I can't explain this all in a single blog post, so I've given a more detailed explanation of why I no longer have full confidence in the free market.

To read my more detailed explanation, go to this website.

GREASING OF THE PALMS

American businesses, or any foreign venture for that matter, have to grease some palms just to do business in any new country. Local government officials demand payment to approve licenses, win contracts or avoid harassment from local regulatory and taxing government entities. Sound familiar? We have our own looters in the ASG whom we have to pay tribute.

Often times, we blame the "greasing" on the foreigner. The real crime, however, is not that foreigners pay under the table to get access to our markets, but that they even have to resort to such corruption in the first place. The standard is not who provides the cheapest price or the best service possible, but whom one can pay off to get that contract or favorable treatment.

Greasing of the palms is not only unfair to foreigners, but also unfair to local entrepreneurs. Locals see this practice as putting them at an unfair advantage, because they can't afford to outbid the bribes made to their very own countrymen. How unfortunate.

Call me crazy, but one day I hope the ASG has an online site where all competitors can submit their offers for a contract. This site would award points for different criteria like price, quality of product or service and history of reliability. No humans would be involved in the awarding of contracts, just the site's computation of points that one's bid would hypothetically justify.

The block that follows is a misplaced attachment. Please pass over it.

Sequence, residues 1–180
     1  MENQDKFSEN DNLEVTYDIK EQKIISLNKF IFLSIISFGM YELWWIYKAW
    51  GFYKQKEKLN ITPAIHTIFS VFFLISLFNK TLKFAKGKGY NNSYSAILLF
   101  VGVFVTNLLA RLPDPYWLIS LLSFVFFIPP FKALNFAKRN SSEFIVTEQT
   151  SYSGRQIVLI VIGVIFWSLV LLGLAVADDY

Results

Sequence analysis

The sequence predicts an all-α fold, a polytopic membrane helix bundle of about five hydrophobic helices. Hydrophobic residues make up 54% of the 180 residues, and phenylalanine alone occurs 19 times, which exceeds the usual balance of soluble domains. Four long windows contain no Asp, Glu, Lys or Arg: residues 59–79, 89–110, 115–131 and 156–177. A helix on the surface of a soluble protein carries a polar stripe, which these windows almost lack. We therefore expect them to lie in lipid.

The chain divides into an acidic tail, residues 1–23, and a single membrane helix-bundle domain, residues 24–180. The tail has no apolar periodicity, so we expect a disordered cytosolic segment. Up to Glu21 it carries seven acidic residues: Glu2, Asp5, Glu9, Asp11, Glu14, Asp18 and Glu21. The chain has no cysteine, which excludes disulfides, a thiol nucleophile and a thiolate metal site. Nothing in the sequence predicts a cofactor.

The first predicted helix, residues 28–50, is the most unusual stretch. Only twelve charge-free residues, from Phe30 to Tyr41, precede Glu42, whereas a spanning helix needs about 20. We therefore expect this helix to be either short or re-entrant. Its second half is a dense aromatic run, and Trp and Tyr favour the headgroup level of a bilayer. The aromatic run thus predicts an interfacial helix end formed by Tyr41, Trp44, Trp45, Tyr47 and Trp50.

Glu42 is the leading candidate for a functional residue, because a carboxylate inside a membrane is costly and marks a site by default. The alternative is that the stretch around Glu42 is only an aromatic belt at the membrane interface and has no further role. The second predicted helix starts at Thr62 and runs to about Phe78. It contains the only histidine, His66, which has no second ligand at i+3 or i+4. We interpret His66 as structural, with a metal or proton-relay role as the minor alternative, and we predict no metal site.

There would also be a ranking system so that if the winner couldn't meet the demand for some unexpected reason, the second runner up would qualify to provide his services, and so on and so forth.

While the greasing of palms is something we often despise, in a way, we should be thankful that politicians can be bought off. What great strains our foreign businesses have had to go through just to provide us with more choices essential to our standard of living. Hopefully, one day, we'll have a government no one has to pay tribute to just so that we could live our lives and pursue our dreams.